Telecom Italia continues to go through the painful process of adjusting to the modern world, facing recessionary pressures at home and in its former growth engine in Brazil.
Italy has been suffering from the Eurozone recession since the 2008 crash, and this has helped make Telecom Italia (TI) the center of persistent takeover rumors. It is engaged in a major strategic review, which could lead it to be the first major European incumbent to break up. In the shorter term, however, it is looking for smaller deals to improve its cash and debt position, including the sale of its towers and a possible exit from Brazil.
The firm says it is seeing “strong interest” in its tower company, Inwit, which operates about 11,500 sites plus backhaul links. In June, TI raised about €875m in an IPO of 40% of Inwit, giving the whole business a market value of €2.4bn. TI CEO Marco Patuano said this week that the telco had “built a company that is financially very light to keep our hands free and able to move in all directions”, but added that there were no firm offers yet on the table.
TI will discuss the options for Inwit – which include mergers with other tower operators in the region to create pan-European scale – at its board meeting this week. However, one of the largest European towercos, Cellnex (which was itself floated by Spanish telco Abertis), denied speculation that it would make a bid, even though it already has Italian assets, and has said it aims to be the “American Tower of Europe”.
Patuano has said TI will be a “key player” in consolidating passive infrastructure in Italy, as part of the broader global trend for operators to divest their towers and other sites, to improve their cost efficiencies. That, in turn, is leading to the formation of powerful towercos with consolidated national or international portfolios, which either be joint ventures between the carriers (as in China), or fully independent (like Cellnex, American Tower or the UK’s Arqiva).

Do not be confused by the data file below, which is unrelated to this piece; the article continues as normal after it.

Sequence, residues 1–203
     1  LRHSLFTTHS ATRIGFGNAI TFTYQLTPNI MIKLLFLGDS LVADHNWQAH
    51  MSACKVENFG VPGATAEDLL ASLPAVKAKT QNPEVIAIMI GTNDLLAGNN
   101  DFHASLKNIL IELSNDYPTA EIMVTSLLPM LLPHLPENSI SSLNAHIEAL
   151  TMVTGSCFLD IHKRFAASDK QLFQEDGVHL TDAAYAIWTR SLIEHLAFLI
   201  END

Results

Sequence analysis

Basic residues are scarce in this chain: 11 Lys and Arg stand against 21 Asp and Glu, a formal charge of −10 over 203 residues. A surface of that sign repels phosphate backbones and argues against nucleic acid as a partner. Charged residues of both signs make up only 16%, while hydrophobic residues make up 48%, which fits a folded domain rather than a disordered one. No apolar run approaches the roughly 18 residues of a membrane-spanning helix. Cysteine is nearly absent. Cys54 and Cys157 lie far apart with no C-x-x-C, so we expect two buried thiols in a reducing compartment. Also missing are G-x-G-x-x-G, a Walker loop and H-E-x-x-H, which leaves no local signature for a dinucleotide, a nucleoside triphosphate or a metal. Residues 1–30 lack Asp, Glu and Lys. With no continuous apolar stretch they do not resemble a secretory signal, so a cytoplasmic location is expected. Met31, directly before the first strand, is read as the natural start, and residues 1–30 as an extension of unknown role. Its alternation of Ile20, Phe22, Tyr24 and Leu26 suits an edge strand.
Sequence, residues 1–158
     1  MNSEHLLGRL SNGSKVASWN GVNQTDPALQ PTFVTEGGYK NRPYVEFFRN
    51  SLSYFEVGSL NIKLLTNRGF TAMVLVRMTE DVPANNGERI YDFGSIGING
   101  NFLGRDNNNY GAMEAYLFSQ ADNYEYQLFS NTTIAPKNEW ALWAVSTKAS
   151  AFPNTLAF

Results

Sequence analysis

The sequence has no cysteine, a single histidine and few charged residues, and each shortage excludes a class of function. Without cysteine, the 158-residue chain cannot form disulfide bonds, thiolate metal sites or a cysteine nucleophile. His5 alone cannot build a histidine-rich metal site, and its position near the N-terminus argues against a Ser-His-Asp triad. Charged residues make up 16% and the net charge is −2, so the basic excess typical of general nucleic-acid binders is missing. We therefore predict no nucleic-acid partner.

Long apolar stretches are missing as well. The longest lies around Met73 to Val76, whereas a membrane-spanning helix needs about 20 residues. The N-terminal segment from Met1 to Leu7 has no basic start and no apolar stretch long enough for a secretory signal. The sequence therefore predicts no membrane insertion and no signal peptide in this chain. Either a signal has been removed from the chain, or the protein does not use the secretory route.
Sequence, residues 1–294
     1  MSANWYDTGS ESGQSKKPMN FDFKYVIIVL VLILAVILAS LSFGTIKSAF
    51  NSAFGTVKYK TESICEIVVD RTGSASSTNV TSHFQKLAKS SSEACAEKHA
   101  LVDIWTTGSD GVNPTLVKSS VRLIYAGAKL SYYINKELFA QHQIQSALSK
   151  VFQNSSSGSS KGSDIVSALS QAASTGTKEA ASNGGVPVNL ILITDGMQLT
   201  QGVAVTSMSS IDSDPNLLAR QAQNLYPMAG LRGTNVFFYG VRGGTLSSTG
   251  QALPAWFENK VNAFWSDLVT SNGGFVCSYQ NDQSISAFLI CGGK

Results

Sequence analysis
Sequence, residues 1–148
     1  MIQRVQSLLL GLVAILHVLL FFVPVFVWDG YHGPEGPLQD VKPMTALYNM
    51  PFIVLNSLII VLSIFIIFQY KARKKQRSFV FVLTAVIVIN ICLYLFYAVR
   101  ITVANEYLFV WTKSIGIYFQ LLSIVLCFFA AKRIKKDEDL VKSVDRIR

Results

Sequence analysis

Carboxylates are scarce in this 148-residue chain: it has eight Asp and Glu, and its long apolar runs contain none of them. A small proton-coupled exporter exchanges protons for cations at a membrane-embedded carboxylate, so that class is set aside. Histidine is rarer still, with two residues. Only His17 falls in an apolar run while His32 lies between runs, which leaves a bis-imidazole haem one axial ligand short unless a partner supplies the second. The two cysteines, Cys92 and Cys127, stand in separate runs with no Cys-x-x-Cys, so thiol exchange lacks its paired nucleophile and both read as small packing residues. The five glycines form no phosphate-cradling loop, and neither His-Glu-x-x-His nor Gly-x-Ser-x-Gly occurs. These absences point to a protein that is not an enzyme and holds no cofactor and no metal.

Wind already sold its towers last year, to Cellnex, netting €693m for a 90% stake in the unit, which controls 7,377 sites.
Last year, TI divested 6,481 towers owned by its Brazilian subsidiary TIM Participacoes, in a $900m deal with American Tower. Now it may consider more radical moves in Brazil, whose status as a mobile goldmine has been destroyed by the huge country’s deepest recession for 25 years.
Against that backdrop Patuano says TI will review its strategic plan for TIM Participacoes, Brazil’s second largest operator, in which the Italian telco holds a two-thirds stake. Brazil generates about 30% of TI’s revenues but Patuano told Bloomberg, ahead of the board meeting, that his firm was “focused at the moment on organic investments, but we need to review the strategic plan since the situation in Brazil worsened a lot”.
In February, TI unveiled plans to increase its investment in Brazil and plough BRL14bn ($3.6bn) into LTE expansion as well as 3G coverage improvement. It said it would create a footprint of 15,000 4G and 14,000 3G sites by 2017. Some of that spending may now be reduced, though TI stressed that it would make most of its investments in US dollars to protect itself from the impact of the crash in value of the Brazilian real.
The investment plans were seen as a strong sign that TI aimed to stay in Brazil, even though it was widely expected to exit after it lost out to Telefonica in the race to acquire GVT – and with that failure, lost the chance to gain fixed-line and TV assets and mount a future quad play.
TI insisted that TIM Brasil remained strategic, and went on to explore an acquisition of the fourth MNO, Oi, to improve its mobile scale and add some fixed lines. However, it may be reviewing the future of its Brazilian activities again.
All this is part of an overall and ongoing review, which will affect the home market too, although the economic situation is now improving in Italy, expanding TI’s options. In June, French media giant Vivendi became its largest shareholder, replacing Telefonica. Vivendi sold its telecoms interests last year, including its stake in SFR in France, but its chairman Vincent Bollore could now be a kingmaker in the consolidation of the Italian market, where Wind and 3 Italia are also looking to merge. That would create a stronger third rival to TI’s TIM mobile operator and to Vodafone, but may be blocked by regulators because it reduces the number of MNOs.